Boyden Gray Promotes Venetian Model

In an op-ed in the Washington Post entitled "From Venice, a Lesson on Empire," David Ignatius reported, on Sept. 20, that a week earlier, the Committee for the Republic sponsored a conference to discuss the lessons for today of La Serenissima, the "serene republic" of Venice. The conference was presided over by William Nitze, the son of Paul Nitze. Although he was not able to attend the conference, C. Boyden Gray, a leading member of the committee, and former White House Counsel to Bush I, explained his interest in the Venetian model to other members of the group. Gray said: "Whenever Venice won a naval battle, it asked not for territory, taxes or tribute but free-trade zones. As part of its commercial empire, Venice had to rely on extensive intelligence in order to avoid foreign troop basing. As a result, its intelligence service was unmatched and its diplomacy unrivaled."

Cheney Declares Himself a 'Great Admirer' of Harry Truman

Speaking Sept. 19 to the National Auto Dealers Association (NADA), Cheney spent a great deal of time proclaiming the benefits of tax cuts on economic growth, before spending a great deal more time describing how all this was "keeping America safe during wartime." At the end of all the drivel came the comparison to the Cold War. Cheney said he had the "honor" of being the Secretary of Defense at the time the Cold War ended. "I worked for or with a number of Cold War Presidents," he said, "and I am a great admirer of the man who lived in the White House when that struggle began—Harry Truman." Waxing on the subject, he continued, "I was interested to learn from Truman's biography that the Cold War was an expression he never much cared for and seldom used. He called it the 'war of nerves.' When you think about it, that's an apt description for the kind of challenge America is now facing. The war on terror is a test of our strength, and, above all, a test of our character...."

Canadian Report: U.S. Sent Innocent Man To Be Tortured

According to a report released Sept. 19 by the Canadian government, the U.S. "very likely" sent a Canadian software engineer to Syria, where he was tortured, based on the suspicion by Canadian authorities, which turned out to be false, that he was linked to al-Qaeda. Syrian born Mahar Arar, now 36, was detained by U.S. authorities as he changed planes in New York in September 2002. He was held in the U.S. for 12 days, then flown to Jordan and driven to Syria. The Canadian inquiry commission found that he had been beaten, forced to confess to having trained in Afghanistan—where he has never been—and then kept in a coffin-size dungeon for ten months before he was released.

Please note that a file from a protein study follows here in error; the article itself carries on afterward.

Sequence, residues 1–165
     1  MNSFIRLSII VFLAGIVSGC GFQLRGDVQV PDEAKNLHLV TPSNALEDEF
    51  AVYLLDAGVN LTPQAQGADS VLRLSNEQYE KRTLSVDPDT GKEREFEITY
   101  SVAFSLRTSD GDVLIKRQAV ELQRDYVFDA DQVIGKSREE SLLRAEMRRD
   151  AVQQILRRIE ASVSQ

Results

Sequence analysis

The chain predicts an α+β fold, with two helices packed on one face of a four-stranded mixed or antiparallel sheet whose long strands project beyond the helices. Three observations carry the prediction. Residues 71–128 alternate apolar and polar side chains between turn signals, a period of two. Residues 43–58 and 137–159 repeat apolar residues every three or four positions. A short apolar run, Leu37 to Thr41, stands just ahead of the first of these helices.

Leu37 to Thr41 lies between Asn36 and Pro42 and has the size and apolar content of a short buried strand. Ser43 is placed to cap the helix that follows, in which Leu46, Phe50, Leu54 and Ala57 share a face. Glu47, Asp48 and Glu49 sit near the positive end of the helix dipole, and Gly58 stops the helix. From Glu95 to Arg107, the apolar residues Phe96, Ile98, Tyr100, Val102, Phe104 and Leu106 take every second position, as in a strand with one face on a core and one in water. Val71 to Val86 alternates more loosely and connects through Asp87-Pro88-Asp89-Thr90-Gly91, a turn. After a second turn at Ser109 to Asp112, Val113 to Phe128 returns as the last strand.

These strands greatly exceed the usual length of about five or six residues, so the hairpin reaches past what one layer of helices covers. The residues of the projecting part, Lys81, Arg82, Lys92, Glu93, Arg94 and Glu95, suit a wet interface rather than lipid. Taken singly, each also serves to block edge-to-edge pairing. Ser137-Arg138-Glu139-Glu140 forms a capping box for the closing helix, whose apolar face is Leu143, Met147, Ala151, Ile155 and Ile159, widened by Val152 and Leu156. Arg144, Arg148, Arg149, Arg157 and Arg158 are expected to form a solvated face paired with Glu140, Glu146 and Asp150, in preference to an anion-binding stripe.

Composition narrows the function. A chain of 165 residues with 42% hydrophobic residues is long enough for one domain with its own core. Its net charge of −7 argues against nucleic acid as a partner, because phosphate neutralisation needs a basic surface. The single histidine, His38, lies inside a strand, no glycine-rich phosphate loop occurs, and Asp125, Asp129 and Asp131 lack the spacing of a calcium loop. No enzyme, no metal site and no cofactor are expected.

Arar had been seen in the presence of a subject under investigation, but the RCMP had improperly identified him as a "target," and sent this information to the United States. Canada's report, then, putting the blame on the U.S. in this egregious case of extraordinary rendition, has a bit of the "pot and the kettle" to it.

Halliburton Proves Military Privatization Kills

A new dimension was added to the Halliburton-Iraq contracting scandal, on Sept. 18. This dimension was best summed up by filmmaker Robert Greenwald, when he told reporters, that morning, that "war profiteering is killing people." Greenwald has produced a documentary titled, "Iraq for Sale," which documents the profiteering by military contractors in Iraq and the real human costs as well as the monetary costs which have already been amply demonstrated.

The human cost of Halliburton's malfeasance in Iraq was further documented in another hearing by the Senate Democratic Policy Committee, the same day, which heard from two former KBR truck drivers who testified on how Halliburton ran a convoy into an ambush that killed seven drivers on April 9, 2004, even though they knew the convoy was headed into a combat zone. Two other convoys had been attacked in the same area west of Baghdad just hours before, and the fighting had been going on for two days, and yet the company sent the third convoy through without warning the drivers of the danger. The surviving drivers have filed a damage lawsuit against Halliburton. But, their attorney T. Scott Allen testified, Halliburton is making the prosecution of this suit as difficult as possible by claiming "sovereign immunity," that is, that they're part of the government and can't be sued.

Senator Richard Durbin (D-Ill) later suggested that what this really means is, that "they have friends in high places." The "sovereign immunity" claim is making it difficult, Allen said, to even investigate a letter that Halliburton is sending to truck drivers who were wounded in Iraq, which is masquerading as a letter to ask release of medical records to the Pentagon, so they can get a medal for their service. In fact, if a driver signs it, he ends up waiving his rights to sue for damages.